The Real Costs of Equipment Damage

It’s not just a repair you’re paying for, there are other costs related when tools go down.
The Real Costs of Equipment Damage
A construction crane is seen on top of cars along the street in downtown Manhattan in New York, February 5, 2016.

When your equipment is damaged, repairing or replacing it is only part of the cost. Factor in production or service interruptions, downtime for safety investigations, workers’ compensation and litigation, and you have a strong business case for safety programs that help avoid equipment damage.


Let’s examine the crane accident in Lower Manhattan to illustrate the ripple effect of equipment damage. This tragic accident took place on February 5, 2016, and resulted in one death and three injuries.

The crawler crane collapsed and was severely damaged. Work stopped immediately to allow for investigations and cleanup. The investigations are ongoing, so the final cost of workers’ compensation claims has yet to be determined. Cleanup included not only removing the crane, but also repairing leaks in water and gas lines and removing parked cars that were crushed by the crane.

On March 18, one of the victims, Thomas O’Brien, 73, of North Easton, Massachusetts, filed a complaint with the city comptroller’s office, the first step in a planned $30 million lawsuit against the NYC Department of Buildings.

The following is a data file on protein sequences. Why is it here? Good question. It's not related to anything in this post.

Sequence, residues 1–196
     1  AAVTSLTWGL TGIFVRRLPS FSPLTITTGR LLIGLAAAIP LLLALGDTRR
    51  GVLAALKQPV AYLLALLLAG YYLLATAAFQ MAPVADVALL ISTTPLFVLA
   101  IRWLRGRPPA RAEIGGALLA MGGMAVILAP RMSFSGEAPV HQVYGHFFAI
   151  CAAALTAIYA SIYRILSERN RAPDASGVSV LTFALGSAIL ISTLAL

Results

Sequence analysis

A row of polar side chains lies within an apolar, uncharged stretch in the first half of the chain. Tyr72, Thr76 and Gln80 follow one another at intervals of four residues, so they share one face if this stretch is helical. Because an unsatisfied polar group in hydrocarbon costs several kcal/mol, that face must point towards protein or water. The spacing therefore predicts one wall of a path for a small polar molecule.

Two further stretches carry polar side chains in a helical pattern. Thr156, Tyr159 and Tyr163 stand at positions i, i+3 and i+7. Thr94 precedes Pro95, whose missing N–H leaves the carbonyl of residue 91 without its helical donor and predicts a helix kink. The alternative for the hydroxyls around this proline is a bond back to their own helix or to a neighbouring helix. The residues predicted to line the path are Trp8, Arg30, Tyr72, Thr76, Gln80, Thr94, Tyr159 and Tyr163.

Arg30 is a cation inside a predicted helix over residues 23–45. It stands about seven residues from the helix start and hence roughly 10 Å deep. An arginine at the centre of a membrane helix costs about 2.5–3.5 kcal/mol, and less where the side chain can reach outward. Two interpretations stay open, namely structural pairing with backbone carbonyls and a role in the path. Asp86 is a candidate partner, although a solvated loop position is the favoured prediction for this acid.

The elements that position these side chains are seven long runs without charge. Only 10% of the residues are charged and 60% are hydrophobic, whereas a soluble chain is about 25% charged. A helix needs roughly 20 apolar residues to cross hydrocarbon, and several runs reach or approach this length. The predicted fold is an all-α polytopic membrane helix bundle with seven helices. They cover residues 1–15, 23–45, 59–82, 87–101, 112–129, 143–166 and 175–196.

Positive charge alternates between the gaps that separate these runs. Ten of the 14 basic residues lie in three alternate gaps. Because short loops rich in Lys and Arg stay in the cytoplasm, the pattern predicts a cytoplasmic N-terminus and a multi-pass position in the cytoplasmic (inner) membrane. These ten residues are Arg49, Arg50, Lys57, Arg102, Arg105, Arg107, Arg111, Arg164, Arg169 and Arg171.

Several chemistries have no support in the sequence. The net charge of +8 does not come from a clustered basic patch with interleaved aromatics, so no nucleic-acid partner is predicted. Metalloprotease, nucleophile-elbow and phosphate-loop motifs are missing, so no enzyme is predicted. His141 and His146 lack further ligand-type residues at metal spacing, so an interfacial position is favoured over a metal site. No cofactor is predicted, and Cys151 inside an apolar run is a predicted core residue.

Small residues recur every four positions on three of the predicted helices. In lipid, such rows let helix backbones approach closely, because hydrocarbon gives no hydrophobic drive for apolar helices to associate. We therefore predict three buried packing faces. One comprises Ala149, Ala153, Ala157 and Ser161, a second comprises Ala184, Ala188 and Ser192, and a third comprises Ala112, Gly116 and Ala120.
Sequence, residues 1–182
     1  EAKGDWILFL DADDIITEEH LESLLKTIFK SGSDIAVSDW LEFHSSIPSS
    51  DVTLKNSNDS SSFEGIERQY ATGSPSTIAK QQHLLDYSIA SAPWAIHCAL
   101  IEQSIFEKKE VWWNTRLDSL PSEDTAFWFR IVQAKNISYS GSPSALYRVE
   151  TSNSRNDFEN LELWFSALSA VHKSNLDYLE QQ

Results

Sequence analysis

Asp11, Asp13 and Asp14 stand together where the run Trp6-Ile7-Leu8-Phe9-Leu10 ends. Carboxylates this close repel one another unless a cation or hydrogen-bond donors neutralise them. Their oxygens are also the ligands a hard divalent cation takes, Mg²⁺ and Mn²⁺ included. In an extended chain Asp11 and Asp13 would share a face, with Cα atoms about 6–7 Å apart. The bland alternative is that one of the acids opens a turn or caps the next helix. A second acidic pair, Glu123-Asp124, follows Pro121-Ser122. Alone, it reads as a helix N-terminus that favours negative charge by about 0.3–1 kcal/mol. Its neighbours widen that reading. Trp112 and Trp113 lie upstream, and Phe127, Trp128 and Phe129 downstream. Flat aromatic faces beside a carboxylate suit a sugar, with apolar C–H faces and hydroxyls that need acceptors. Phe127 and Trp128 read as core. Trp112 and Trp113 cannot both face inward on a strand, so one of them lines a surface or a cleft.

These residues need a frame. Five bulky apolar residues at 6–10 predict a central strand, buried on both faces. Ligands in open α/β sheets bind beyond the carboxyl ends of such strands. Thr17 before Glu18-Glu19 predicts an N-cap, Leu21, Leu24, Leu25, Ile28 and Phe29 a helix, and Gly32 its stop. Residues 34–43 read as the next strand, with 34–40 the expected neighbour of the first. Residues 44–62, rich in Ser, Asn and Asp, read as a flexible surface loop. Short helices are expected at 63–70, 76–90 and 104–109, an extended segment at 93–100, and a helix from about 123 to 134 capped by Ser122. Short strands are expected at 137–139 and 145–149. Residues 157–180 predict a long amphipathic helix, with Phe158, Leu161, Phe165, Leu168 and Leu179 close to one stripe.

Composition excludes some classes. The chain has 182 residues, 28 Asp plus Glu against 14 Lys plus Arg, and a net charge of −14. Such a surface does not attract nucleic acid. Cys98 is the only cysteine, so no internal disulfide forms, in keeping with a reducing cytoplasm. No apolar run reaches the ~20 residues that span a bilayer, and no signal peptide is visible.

New York Mayor Bill de Blasio responded with stricter safety regulations and harsher penalties for noncompliance. Fines for failure to safeguard crane equipment will begin at $10,000 instead of the previous minimum of $4,800.

Workers were in the process of securing the crane from high winds when the accident occurred. Whether or not they waited too long to secure the crane continues to be a part of ongoing investigations. However, some believe that this accident could have been avoided if stronger safety protocols had been implemented by the city and followed by the crane operator.

The repercussions from an accident that lasted a few seconds will reverberate for years to come.

Rarely does equipment damage occur at this scope and under such public scrutiny. It’s an extreme example of the real costs of equipment damage. The next time your machine rolls off the trailer, a forklift collides with a truck, or equipment fails due to improper maintenance, the results will likely not be as catastrophic. On a smaller scale, you’ll still need to be prepared for the costs of equipment repair or replacement, repairing damage to the surrounding area, work stoppage, investigations, workers’ comp, and potential litigation.


So how can you better protect your equipment and your workers? It starts with awareness, extensive training and transparent communication before work starts and during the shift. These steps become part of a comprehensive safety program — a program so ingrained into company culture that every employee, from the CEO to day-one contract labor, considers following safety protocols to be a primary job responsibility.

For some helpful direction on equipment safety — from machine swing radius to load instability — check out these Top Ten Construction Safety Tips from Equipment Today.

Visit here for more updates on Sonetics.


Comments on this site are submitted by users and are not endorsed by nor do they reflect the views or opinions of COLE Publishing, Inc. Comments are moderated before being posted.